• deadlocks

  • alarm system
  • 
privacy latches
Check type of overhead door automatic equipment.
Services
  • rangehood
  • 
dishwasher

  • security
  • 
garage door

  • TV antenna
  • 
exterior lights

  • GPOs switches lights

  • date cable smart wiring
  • 
hose cocks

  • roof and site drainage system
  • 
gas reticulation

  • hot water
  • interior & exterior
  • 
number & location - two-way for halls

  • front - rear - balcony
  • 
DPs, sumps, drains shown
    • Consider rainwater tank storage
    • Retention pit required
  • 
number gas bayonets
  • 
type, size

  • gas - solar - electrical
Check type, capacity and warranties of any mechanical equipment; e.g. who has arrived at AC capacity.


Location close to fixtures


Tray and drain (if interior)

Pipework insulated
Thermal performance
  • sarking to roof

  • ceiling insulation

  • sarking/insulation to walls

  • roof void ventilation

  • air conditioning, room heating
  • 
underfloor heating
  • heavy duty - hail proof

  • R3 roof R2 walls and ceilings

  • wall insulation to be breathable
  • 
affect of roof glazing

  • affect of large glass areas/aspect
  • 
thicker or double glazing to windows

  • turbo/gable
  • 
compliance with codes
  • 
running costs of heating
Confirm NATHURS rating required by council
Sound proofing
  • noise between occupancies
  • 
noise between sleeping-living

  • noise from external sources

  • noise from services
  • insulate interior walls between
  • 
thicker or double glazing to windows
  • 
relocate or isolate service equipment



1.5 External materials and finishes

You will eventually need to chose what you want so why not do it now. We have found that is important to chose durable weather exposed, materials and finishes.

Issue Assess/check Recommendation/review Notes
Demolition
  • ownership of salvaged materials
  • disposal costs including tip fees
  • weather protection
  • security of uncovered structures
  • 
approvals
  • clarify any possible misunderstandings
  • 
have you considered selling the existing building for relocation to another site?

Brickwork
  • bond and joint finish
  • surface finish
  • 
joint colour
  • 
sill type - minimum 15 degree slope
  • 
control joints - 9m max
  • moist masonry to garage, retaining walls, below DPC - salt
  • wall/frame ties
weep holes
  • check exposure class of bricks
  • 
raked - flush - struck - ironed

  • face - bagged - render
  • 
is colour contamination likely; e.g. dark mortar on light brick
  • identify location of control joints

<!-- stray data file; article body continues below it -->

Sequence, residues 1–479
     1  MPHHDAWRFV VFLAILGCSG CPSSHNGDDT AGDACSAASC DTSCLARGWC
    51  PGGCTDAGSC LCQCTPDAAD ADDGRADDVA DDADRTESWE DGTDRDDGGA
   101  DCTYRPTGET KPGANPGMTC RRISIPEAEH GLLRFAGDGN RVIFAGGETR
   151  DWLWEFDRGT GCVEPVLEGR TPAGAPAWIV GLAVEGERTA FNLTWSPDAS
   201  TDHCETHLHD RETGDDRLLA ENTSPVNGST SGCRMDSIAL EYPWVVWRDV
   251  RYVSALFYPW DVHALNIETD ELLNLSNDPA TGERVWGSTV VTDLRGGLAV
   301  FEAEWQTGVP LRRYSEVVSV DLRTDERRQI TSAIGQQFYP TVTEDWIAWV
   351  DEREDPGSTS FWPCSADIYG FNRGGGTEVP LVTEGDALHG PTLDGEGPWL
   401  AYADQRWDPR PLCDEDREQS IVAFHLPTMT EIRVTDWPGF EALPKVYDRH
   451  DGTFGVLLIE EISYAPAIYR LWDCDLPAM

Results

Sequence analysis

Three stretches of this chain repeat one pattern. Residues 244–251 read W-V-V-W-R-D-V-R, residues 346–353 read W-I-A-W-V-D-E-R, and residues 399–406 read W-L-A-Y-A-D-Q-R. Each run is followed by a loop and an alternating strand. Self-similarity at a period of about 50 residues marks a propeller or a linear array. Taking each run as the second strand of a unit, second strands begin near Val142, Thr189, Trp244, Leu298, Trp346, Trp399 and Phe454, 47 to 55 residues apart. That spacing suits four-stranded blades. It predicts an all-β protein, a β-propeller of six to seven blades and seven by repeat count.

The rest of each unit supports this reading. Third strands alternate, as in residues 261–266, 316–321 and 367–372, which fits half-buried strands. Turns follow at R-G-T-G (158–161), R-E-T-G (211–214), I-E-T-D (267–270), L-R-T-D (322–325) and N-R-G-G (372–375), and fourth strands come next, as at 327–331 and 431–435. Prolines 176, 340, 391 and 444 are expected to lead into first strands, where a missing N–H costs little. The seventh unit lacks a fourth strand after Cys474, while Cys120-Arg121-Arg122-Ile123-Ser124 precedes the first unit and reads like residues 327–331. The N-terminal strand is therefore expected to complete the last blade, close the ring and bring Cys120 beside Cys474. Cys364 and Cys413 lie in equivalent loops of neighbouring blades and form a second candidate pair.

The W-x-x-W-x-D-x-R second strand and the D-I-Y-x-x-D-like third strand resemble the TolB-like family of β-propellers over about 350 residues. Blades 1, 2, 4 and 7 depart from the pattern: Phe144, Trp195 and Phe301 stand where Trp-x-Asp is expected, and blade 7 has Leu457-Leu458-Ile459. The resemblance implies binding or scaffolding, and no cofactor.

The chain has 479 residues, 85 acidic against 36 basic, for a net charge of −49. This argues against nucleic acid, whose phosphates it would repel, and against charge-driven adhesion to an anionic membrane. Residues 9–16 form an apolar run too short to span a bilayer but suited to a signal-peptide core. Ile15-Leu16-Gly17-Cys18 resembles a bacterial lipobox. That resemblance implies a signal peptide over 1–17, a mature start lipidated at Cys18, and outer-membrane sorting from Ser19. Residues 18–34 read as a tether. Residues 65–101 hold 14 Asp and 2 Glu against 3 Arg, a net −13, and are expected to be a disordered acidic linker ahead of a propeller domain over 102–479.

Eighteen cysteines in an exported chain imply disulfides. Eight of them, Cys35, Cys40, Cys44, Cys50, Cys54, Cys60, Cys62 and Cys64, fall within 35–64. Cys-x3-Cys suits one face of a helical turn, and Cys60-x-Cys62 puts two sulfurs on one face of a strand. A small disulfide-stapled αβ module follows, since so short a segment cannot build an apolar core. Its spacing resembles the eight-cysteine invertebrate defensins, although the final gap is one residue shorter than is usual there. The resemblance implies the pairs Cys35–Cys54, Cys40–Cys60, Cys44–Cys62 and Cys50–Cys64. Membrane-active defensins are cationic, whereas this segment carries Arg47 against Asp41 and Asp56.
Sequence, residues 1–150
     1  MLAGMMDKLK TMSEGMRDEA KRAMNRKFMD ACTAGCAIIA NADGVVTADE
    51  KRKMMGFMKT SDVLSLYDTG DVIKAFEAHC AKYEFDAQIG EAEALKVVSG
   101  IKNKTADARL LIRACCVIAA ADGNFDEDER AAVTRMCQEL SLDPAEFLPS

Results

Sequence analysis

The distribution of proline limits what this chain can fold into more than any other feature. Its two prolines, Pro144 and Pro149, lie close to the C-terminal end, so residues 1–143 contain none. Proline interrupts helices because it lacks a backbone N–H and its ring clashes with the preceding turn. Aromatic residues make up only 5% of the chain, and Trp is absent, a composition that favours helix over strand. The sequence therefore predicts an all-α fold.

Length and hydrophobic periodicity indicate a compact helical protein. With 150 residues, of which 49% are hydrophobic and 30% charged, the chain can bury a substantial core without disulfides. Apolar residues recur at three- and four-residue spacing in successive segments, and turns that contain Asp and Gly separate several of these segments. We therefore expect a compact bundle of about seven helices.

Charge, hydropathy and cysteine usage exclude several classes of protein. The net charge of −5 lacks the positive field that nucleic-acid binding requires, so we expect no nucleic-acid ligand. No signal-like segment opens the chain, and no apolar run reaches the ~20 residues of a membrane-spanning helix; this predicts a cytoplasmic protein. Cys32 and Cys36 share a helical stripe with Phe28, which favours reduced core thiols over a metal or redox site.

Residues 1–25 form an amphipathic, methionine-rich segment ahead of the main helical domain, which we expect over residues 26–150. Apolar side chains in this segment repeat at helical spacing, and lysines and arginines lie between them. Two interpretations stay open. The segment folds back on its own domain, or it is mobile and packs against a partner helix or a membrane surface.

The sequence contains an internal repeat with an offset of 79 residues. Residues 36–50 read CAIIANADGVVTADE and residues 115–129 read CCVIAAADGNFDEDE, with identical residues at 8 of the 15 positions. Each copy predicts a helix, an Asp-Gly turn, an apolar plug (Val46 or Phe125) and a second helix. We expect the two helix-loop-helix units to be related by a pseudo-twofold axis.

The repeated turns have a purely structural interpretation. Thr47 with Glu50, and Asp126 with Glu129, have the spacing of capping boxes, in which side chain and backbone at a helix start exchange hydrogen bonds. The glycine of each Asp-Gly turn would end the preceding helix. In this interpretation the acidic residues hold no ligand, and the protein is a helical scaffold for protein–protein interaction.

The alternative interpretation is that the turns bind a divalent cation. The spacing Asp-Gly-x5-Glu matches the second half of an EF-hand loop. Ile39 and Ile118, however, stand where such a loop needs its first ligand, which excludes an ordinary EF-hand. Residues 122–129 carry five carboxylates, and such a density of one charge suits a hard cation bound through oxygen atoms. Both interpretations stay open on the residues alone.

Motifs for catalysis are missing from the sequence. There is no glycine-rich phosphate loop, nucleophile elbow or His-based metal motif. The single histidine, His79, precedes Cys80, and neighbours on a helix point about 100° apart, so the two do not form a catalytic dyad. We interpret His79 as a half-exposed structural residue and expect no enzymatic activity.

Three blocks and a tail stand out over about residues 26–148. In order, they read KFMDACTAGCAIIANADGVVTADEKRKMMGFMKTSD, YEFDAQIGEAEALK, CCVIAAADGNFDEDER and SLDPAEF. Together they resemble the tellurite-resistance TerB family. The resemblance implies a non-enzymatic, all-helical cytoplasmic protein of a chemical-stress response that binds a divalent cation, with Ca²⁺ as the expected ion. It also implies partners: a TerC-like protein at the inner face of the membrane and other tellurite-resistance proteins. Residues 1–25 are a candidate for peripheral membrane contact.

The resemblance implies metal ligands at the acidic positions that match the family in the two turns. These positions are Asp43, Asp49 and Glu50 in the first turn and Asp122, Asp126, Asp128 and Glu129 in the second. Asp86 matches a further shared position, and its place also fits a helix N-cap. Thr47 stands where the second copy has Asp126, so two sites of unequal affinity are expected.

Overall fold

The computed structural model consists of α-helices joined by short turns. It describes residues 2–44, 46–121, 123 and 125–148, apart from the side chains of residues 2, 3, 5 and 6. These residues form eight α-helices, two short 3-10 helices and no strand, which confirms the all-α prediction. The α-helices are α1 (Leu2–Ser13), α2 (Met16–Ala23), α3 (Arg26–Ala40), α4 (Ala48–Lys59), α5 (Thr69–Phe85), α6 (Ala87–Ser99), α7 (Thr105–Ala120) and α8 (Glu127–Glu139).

• conceal if possible behind downpipes

  • will area be used for storage?
  • avoid coatings to damp brickwork 
is cavity brick a good option?

  • stainless steel - plastic
Especially for below damp-course, in-ground contact, coastal location, around swimming pool
Roofing
  • any low pitched areas
  • type of flashing specified
  • sarking/insulation
  • check profile suitable for pitch

  • warn of increased risk
  • 
check for dissimilar metals
  • 
paint coatings should not replace flashing
  • 
check thermal performance of roof

Walls
  • weatherboard
  • 
insulated
  • type/manufacturer specified

  • pre-finish or paint
finish colour specified
  • 
check thermal/acoustic performance
  • 
durability

Windows
  • sash type and hand
  • 
material/finish specified
  • 
distance from coastline
  • weather protection
  • 
check direction of sash movement

  • fly screens included?

  • deadlocks included?

  • obscure glass to bathroom/ensuite/laundry

Doors
  • timber - exterior
  • thresholds
  • solid core preferred/minimum hinges
  • 
frame rebated from solid piece?
  • 
water bar to thresholds

  • check durability of finish
  • s
top & bottom of door painted
  • 
high rise where weather exposed

  • sub-sill

Steel elements
  • durability of lintels, brackets, ties, handrails, post bases
  • 
surface finishes to exposed structural steel
  • hot dipped galvanised at minimum

  • stainless steel in marine locations and all fixings
  • 
specify paint system if not galvanised

Landscape
  • fencing
  • 
gates

  • pergolas, awnings‚
  • 
retaining wall type/height
  • 
plantings and vegetation
  • material durability
  • 
treated timbers preferred

  • fully galvanised fittings - stainless steel preferred

  • engineer required/durability
  • 
check size, shading, root type

  • avoid planting trees close to buildings, paving, fencing



1.6 Internal materials and finishes